Nurses, midwives and nursing associates are leaving the professions earlier than planned as official data shows the number registered to practise in the UK has grown to a record total of almost 789,000.
Annual data from the Nursing and Midwifery Council register showed a record 52,100 new joiners last year, almost half of whom were educated overseas.
However, while the number of nursing professionals leaving the register fell slightly, NMC research indicates that more than half left sooner than planned and most do not plan to return.
The number of people leaving the professions fell to just under 27,000, but more than half (52.1%) of those who left the register did so earlier than planned, with almost a quarter leaving much earlier than they had expected to.
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Most said they were unlikely to return, including younger leavers. The NMC found five factors that frequently influenced people’s decisions to leave.
Andrea Sutcliffe, NMC chief executive and registrar, said: “While recruitment remains strong, there are clear warnings about the workplace pressures driving people away from the professions.
“Many are leaving the register earlier than planned because of burnout or exhaustion, lack of support from colleagues, concerns about the quality of people’s care, workload and staffing levels.
“Our insight can support nursing and midwifery leaders across health and social care to focus on the right issues in their retention strategies. Addressing those issues must be a collaborative effort aimed at improving staff wellbeing and retention, for the benefit of everyone using services.”
The number of UK-educated joiners to the NMC register rose by 8.5% to more than 27,100. With international recruitment continuing at a significant rate, professionals educated around the world now account for one in five nurses, midwives and nursing associates who can practise in the UK.
Most international joiners are from outside Europe and tend to be more ethnically diverse. UK joiners are also increasingly diverse – almost a third of last year’s domestically-educated joiners are from black and minority ethnic backgrounds.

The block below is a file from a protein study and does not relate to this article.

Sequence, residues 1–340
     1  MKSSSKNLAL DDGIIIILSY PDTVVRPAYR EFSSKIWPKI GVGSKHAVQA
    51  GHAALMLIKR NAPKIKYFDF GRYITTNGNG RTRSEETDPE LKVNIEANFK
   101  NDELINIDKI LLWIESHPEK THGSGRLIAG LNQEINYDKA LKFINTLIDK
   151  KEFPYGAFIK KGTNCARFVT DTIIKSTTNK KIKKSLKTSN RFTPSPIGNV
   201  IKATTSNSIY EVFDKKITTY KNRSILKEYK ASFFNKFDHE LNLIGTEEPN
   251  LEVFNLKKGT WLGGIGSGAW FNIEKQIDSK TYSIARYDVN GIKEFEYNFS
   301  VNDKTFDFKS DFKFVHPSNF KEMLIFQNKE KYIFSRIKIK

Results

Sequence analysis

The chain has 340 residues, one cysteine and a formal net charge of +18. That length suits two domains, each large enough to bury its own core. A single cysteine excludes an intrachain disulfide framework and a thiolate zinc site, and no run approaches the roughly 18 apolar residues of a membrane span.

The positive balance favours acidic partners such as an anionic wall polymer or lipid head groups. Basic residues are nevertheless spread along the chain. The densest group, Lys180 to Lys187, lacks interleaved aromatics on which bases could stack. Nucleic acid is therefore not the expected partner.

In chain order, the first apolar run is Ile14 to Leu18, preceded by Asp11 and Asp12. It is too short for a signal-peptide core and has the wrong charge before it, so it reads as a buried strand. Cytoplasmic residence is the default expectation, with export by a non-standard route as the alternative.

Over the past year, the proportion of all registered professionals who are from black, Asian or minority ethnic backgrounds has risen to 27.7%.
The Royal College of Nursing’s general secretary and chief executive Pat Cullen said: “These figures bear out our concerns over the failure to retain experienced staff… With half of all new starters coming from overseas, it is clear the UK government’s failure to deliver a domestic workforce plan is hitting home.
“While internationally educated nursing staff are a vital and valued part of the NHS, the overreliance on staff from overseas, including those countries with shortages of their own, is not sustainable.”
In the context of a global nursing shortage, the RCN also described the levels of international recruitment as “potentially unethical”.
Sutcliffe added: “Joiners are more ethnically diverse than ever. This matters because NHS research in England shows that black and minority ethnic staff are more likely to experience harassment, bullying or abuse.
“There’s also clear evidence that discrimination impacts on the quality of care professionals give, leading to worse health outcomes for people. Therefore it’s more important than ever for employers to foster inclusive cultures, free of the racism and discrimination that profoundly affect people from minority ethnic communities.”
In February 2023, figures from the Universities and Colleges Admissions Service (UCAS) showed that the number of applicants to nursing courses in England was down 18% compared with the same point last year. By the January deadline, 27,370 people had applied to study nursing at course providers in England, compared with 33,410 at the same point last year.
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